There are something on the order of 78 million dogs in the United States – almost 40% of US households are home to at least one dog. That’s a lot of dogs. Let’s say the average dog owner spends $25 a year on toys for the dog – probably a conservative number, but still a big one – almost $2 billion worth of canine paraphernalia.
The problem is that a ‘dog toy market’ does not exist … it is an economic/business grouping conjured up from whole cloth by egg-headed theorists. There are 150+ recognized breeds of dogs. They come in all sorts of different sizes and temperaments. Further, people own them for all sorts of different reasons – family pets, hunting, breeding, companionship, service animals …you name it. And, of course they are different ages, have owners in different economic circumstances, and owners with different interests and priorities when it comes to their dog – for some the dog is the center of their life, for others it is just a dog, and most fall in between. While asserting that dog owners are 78 million niches of one is a stretch, there are thousands of permutations you can make on the variables to determine exactly what someone would describe as their ideal dog toy.
Drinking the mass market Kool-Aid the wise business approach would be for a company to design a handful of products with ‘mass appeal’ and have them made in China to keep the cost down, ship them by the container to distribution centers scattered around the USA, then hang them on the hooks at some Megamart big box retailer. Only a few variations would be made because the whole system is designed that way – the Chinese manufacturer is geared up for the simplicity of mass production, shipping costs are lower when goods are sent by skid and container loads, and Megamart sells all sorts of stuff and will only allot a few hooks to dog toys. While the toys are not exactly what anyone wants, the price is fairly low and there isn’t much choice for dog owners. So they sell.
Around the edges there are small quantities of specialized dog toys sold at small pet shops, but the low volumes drive high prices and only the real dog fanatics buy them … the ‘niche producers’ and ‘niche sellers’. Niches are perceived by the mass producers and mass marketers as pesky, but insignificant.
That’s the way it is done. They teach it at Harvard, and everywhere else. The mass guys strive to get bigger – moving onto cat toys and dog food – related stuff where they can attain synergies and leverage their business model. The business is not run by dog people – it is run by business people who are masters at systems, financial ratios and brand management who study market data and develop marketing strategies designed to convince people that the use of their toys will make the dogs healthier, more loyal and lovable.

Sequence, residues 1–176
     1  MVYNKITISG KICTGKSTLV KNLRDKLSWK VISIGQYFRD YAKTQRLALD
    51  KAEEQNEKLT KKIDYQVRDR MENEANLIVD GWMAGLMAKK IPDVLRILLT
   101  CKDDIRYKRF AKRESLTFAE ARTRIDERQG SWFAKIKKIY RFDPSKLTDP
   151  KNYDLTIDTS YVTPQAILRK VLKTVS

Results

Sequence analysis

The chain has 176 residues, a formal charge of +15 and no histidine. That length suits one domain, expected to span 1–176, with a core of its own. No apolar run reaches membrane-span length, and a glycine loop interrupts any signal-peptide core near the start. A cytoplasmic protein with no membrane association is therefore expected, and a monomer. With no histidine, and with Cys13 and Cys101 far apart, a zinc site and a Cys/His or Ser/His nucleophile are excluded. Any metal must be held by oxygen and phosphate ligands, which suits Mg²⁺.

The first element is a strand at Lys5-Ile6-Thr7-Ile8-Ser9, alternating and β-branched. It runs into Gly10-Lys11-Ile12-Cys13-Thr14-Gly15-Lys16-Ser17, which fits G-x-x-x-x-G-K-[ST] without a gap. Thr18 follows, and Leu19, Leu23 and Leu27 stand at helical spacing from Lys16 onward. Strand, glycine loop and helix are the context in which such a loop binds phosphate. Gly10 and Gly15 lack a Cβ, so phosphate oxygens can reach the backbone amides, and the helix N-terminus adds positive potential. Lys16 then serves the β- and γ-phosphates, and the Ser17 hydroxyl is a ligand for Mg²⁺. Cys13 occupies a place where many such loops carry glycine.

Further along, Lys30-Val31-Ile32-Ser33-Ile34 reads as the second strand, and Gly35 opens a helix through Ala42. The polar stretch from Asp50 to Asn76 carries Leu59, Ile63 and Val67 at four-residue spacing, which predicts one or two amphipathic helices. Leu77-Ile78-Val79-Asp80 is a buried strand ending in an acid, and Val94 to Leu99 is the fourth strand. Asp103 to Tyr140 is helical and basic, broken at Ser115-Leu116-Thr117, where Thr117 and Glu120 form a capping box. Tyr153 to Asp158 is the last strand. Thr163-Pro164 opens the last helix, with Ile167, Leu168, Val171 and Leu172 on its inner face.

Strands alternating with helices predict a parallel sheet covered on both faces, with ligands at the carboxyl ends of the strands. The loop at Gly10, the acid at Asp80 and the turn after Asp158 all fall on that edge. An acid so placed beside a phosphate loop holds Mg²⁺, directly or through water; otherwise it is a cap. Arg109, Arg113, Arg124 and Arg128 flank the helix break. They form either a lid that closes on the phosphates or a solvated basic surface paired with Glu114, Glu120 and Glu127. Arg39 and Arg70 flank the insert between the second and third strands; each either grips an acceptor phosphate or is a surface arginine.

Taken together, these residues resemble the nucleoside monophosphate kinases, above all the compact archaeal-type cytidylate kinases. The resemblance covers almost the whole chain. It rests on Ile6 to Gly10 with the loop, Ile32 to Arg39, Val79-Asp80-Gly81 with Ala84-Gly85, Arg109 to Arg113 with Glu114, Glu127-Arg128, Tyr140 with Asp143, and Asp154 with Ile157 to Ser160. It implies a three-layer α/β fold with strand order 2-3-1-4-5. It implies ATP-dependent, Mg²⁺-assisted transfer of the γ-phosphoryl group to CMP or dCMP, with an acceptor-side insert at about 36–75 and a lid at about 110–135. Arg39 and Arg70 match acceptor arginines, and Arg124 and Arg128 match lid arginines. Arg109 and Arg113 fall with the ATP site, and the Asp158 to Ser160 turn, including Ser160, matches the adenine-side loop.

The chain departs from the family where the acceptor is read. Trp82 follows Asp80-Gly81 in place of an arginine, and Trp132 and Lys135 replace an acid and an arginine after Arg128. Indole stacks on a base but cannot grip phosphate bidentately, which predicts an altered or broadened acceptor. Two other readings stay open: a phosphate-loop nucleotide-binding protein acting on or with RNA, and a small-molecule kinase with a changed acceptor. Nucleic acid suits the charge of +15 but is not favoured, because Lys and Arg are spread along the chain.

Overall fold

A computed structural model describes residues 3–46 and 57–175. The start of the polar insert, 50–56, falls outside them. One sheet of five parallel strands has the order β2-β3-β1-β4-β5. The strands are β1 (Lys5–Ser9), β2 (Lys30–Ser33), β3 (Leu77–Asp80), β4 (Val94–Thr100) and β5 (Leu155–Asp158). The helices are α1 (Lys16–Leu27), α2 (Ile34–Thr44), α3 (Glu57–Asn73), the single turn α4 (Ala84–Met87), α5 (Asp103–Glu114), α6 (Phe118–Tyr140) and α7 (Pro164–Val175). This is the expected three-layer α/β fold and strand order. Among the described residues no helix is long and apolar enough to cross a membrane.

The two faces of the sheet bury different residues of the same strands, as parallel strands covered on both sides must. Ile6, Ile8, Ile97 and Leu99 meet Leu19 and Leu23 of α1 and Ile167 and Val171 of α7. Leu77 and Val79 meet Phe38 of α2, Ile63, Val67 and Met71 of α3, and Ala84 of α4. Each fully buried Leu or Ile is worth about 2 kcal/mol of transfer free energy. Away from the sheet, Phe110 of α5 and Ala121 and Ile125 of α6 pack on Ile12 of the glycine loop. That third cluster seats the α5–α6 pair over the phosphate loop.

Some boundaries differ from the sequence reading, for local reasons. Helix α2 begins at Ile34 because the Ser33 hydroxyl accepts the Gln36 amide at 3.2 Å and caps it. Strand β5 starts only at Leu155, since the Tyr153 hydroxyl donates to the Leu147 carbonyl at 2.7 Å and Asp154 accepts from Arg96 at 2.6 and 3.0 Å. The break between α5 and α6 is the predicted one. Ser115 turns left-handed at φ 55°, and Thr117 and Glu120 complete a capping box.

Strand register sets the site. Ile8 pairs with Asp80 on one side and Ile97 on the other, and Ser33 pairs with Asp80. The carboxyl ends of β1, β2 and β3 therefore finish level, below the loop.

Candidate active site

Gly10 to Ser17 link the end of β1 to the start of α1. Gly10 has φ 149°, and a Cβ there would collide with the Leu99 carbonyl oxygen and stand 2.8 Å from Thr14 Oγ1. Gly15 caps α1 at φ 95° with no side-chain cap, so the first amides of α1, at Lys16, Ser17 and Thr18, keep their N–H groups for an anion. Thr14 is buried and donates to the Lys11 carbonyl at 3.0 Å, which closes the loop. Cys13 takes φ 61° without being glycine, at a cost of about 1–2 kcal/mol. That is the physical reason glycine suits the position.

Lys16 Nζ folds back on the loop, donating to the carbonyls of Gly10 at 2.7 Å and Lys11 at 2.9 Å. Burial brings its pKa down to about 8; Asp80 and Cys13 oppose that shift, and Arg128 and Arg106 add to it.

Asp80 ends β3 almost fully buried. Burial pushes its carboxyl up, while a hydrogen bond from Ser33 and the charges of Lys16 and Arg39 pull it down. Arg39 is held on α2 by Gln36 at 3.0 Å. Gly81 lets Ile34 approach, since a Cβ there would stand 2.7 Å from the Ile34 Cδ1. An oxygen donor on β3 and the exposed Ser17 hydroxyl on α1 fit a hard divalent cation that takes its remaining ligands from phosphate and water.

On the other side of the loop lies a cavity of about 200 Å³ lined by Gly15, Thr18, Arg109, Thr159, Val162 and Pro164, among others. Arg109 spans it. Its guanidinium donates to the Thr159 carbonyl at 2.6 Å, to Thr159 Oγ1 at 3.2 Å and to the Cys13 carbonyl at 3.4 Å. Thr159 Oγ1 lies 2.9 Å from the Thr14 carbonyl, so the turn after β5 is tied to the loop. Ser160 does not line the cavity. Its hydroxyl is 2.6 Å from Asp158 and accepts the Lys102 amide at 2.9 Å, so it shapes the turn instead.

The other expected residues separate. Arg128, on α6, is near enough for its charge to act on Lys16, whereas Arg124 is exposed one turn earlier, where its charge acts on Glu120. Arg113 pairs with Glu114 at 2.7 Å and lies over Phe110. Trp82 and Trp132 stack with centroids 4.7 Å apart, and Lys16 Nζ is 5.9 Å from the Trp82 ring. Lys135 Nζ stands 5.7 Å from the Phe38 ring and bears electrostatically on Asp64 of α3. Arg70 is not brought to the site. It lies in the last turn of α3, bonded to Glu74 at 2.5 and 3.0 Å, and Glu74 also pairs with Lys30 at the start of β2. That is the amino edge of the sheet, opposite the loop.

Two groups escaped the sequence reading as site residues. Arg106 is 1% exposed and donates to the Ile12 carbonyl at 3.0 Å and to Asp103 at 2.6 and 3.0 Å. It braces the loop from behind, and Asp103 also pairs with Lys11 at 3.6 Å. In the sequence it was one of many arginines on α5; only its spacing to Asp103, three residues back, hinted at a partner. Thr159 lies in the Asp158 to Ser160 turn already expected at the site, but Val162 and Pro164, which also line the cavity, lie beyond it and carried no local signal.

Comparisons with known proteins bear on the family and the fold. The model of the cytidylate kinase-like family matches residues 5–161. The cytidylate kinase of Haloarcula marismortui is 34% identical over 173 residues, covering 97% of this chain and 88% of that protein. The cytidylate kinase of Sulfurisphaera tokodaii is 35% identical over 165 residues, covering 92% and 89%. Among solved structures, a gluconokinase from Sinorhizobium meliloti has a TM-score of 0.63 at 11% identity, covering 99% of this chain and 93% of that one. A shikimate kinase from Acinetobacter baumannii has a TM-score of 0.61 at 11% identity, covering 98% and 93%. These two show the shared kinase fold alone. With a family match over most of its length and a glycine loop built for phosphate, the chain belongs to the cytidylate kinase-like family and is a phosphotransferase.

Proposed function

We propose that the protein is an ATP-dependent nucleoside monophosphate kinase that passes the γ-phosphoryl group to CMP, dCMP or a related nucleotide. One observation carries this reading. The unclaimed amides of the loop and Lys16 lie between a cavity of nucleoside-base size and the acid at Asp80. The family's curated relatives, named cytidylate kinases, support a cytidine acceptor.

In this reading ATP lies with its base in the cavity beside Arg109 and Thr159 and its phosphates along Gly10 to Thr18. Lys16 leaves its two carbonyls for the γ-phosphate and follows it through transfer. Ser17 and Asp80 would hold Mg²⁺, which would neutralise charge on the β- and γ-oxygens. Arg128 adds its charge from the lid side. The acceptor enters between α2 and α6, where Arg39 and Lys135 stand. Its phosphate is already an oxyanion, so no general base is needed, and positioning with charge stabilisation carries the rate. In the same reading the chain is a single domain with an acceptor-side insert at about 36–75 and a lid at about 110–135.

But that world is changing. That niche producer isn’t selling exclusively through the specialty retailer – the local pet store – any more. It is also selling on line. The big guy believes he has to be in China to keep the cost and price down, but that is based on math that assumes the $5 China cost will incur another $4 for shipping and overhead, then be marked up by $2 to make a profit when sold to Megamart, who will mark that $11 total up by another $5 and sell it for $16. The ‘niche’ producer makes his toy for $8, tacks on another $4 for SGA and a profit, adds on $3 for UPS to ship the toy – selling it to the on line customer for $15. The dog owner gets exactly what she wants for $15 instead of the generic mass produced and marketed toy for $16.
This – or variations on it – is what is happening everywhere. It is why the business press is full of woeful stories about the big multi-nationals, but everywhere I go I hear about small manufacturers doing very well.
It is why big guys can only survive, let alone thrive, by breaking their big business down into small focused chunks – value streams – to create a collection of niche companies within the company (although they will by and large fail by smothering them with ‘one size fits all; corporate ERP. accounting, HR and other management systems). And it is why small guys can only grow by adding self-sustaining, autonomous, cross-functional chunks to address another niche.
It is why most innovation is whistling past the graveyard – an attempt to keep mass-producing and mass-marketing alive by coming up with something so new that all of the niches will return to Megamart to get it … but even when it works it is just a matter of very little time before all of the niche guys twist it, bend it and adapt it to their niche, with enough twisting and bending that the big guy’s patent is irrelevant. In fact, it is why smart phones are a great innovation. iPhones and Droids are single platforms, but each owner conjures up their own screen and downloads their own apps so that, in the end, each phone is unique … perfect for niches of one.
It is why manufacturing cost – or even the total manufacturing company’s cost – doesn’t matter – let alone the labor portion of manufacturing cost. The customer ony cares about total supply chain cost.
It is why lean and small lot production is an imperative. It is why accounting systems based on an assumption that there must always be a big pile of inventory to match expenses and sales to are irrelevant.
And it is not just consumer products. It doesn’t matter whether the market is dog toys, or electric motors or gas valves. Mass production and mass marketing are dead men walking.